The role of the World Bank here is significant.
As commentator Sieren Ernst writes, the World Bank has longstanding relationships with sovereign nations. That allows special deals on projects and repayments, substantially lowering default risk. Second, the Bank covers its investments in riskier, lower-yield projects by bundling them with more secure projects such as small hydro or gas switching projects.
Green bonds might well become the main channel through which governments around the world can borrow from the private capital markets. The bottom line is that governments around the world lack the financial resources to meet urgent environmental requirements so green bond or debt instruments are now regarded as a way of raising capital through the markets.
Bonds can be offered in different forms, which will attract different types of investor, from multi-billion dollar pension funds to individual savers. They can be issued by national or local governments, international institutions, private banks or even large corporations. That is why they are starting to get a lot of attention from investors and environmentalists.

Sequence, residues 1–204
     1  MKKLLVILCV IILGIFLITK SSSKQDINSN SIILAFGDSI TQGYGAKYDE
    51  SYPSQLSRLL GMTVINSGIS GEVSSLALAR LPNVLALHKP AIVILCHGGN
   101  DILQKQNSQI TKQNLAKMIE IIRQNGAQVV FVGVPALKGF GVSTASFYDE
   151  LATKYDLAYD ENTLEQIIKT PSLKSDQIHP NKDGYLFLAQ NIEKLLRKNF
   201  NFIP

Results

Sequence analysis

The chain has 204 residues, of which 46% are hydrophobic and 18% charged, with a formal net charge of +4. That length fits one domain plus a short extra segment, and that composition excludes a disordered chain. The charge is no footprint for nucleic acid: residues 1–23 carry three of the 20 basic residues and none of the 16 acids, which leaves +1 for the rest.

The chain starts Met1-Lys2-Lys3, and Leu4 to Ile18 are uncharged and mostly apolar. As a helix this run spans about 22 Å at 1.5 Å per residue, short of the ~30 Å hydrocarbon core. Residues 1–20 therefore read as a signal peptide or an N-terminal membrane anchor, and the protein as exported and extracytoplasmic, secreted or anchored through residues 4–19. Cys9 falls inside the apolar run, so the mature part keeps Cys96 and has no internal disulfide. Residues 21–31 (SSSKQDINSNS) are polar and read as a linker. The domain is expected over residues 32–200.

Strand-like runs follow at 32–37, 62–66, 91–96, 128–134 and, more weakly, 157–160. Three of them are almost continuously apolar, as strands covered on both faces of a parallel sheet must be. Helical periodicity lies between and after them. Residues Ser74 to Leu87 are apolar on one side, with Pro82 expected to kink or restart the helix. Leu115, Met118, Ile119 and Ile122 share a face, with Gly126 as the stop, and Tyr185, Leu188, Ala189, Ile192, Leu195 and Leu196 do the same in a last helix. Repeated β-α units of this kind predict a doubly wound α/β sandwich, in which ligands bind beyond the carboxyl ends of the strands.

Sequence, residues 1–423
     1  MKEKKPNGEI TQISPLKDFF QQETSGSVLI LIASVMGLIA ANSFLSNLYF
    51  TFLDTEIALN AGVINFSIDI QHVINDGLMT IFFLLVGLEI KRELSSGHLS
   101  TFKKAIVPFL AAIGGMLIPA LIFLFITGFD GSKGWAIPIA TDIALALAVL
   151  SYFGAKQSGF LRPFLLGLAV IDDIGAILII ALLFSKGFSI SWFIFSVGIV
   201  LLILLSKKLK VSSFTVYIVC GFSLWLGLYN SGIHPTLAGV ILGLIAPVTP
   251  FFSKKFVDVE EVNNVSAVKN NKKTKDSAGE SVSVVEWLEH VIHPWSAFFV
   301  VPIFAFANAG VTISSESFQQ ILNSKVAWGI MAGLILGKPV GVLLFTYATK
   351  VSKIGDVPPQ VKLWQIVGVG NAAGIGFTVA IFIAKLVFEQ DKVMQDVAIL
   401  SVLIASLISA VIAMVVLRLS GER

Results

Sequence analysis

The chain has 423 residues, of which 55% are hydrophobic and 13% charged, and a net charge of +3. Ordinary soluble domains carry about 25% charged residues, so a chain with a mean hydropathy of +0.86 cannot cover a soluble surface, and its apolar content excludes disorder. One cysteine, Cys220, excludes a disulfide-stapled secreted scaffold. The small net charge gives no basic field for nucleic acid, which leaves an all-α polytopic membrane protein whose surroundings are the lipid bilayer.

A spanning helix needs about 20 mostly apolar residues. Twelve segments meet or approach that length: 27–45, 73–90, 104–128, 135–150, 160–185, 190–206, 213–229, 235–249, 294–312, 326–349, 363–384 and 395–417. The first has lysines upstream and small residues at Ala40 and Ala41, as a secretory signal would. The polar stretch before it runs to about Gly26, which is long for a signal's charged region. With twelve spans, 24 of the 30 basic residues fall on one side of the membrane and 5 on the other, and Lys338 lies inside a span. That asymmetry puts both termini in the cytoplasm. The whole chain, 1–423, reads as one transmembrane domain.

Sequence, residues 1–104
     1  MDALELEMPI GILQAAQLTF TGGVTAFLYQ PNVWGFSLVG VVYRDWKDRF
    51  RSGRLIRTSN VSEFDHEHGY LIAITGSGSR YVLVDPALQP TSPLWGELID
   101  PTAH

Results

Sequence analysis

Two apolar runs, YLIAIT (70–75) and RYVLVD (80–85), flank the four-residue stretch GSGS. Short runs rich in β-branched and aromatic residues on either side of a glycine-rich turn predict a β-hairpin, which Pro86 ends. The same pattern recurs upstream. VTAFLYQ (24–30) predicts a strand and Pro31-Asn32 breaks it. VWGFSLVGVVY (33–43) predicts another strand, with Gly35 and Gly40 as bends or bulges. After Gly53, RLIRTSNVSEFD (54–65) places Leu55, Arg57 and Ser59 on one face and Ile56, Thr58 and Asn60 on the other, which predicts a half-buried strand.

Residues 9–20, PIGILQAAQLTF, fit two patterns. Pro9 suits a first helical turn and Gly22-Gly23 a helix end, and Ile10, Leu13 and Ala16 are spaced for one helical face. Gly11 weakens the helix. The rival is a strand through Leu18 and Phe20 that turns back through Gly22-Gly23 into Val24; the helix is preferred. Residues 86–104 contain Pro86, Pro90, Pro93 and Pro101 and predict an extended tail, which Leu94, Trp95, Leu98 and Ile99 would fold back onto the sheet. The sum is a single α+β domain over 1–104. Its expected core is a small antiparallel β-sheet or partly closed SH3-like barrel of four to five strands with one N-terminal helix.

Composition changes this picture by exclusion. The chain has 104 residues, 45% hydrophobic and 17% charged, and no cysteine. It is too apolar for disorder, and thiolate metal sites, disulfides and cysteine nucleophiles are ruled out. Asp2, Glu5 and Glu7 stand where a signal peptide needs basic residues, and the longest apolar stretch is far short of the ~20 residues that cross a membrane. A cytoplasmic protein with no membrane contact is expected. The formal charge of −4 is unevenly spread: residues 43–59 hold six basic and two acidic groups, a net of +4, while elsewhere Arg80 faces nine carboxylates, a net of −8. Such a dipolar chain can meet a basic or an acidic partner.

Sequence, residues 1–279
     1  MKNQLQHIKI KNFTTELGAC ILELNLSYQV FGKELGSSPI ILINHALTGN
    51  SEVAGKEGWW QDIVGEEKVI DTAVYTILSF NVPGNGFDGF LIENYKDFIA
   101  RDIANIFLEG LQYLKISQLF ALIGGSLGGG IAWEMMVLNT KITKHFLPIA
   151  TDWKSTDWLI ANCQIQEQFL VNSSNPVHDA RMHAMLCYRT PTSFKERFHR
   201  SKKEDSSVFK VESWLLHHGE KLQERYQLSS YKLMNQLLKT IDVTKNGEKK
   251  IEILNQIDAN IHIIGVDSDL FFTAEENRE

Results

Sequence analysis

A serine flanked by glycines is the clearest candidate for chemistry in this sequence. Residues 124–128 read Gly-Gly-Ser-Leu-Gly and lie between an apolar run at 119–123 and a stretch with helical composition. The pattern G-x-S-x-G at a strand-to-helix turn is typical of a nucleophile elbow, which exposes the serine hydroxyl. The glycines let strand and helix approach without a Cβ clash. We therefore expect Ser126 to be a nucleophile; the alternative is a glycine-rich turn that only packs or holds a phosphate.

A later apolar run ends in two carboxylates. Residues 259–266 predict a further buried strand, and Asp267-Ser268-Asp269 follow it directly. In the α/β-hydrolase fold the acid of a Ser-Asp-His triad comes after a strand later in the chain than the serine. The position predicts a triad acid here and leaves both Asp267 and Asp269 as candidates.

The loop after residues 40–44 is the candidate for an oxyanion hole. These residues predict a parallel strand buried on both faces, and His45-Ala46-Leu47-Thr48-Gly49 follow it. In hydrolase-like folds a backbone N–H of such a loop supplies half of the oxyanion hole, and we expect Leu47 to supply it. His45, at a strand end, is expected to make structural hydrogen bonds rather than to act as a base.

They’re like victory bonds
“Green bonds are like victory bonds for the environment, with their exclusive focus on supporting green initiatives, they are a good way to secure large amounts of capital to support many different environmental investments – from renewable energy technologies to public transportation,” says Craig Alexander, senior vice president and chief economist for the TD Bank Group.
Low risk and higher returns
Investing in environmental projects might be lucrative for investors. They are deemed low risk because they are issued with strong credit ratings and they often generate a higher return than traditional benchmark bonds.
We have to rapidly speed up and scale up the capital that’s flowing towards climate change solutions, both mitigation and adaptation,’’ Kidney said. “Climate scientists tell us we need a low-climate world by 2050, and we have to move quickly to get there. We have to be moving capital now.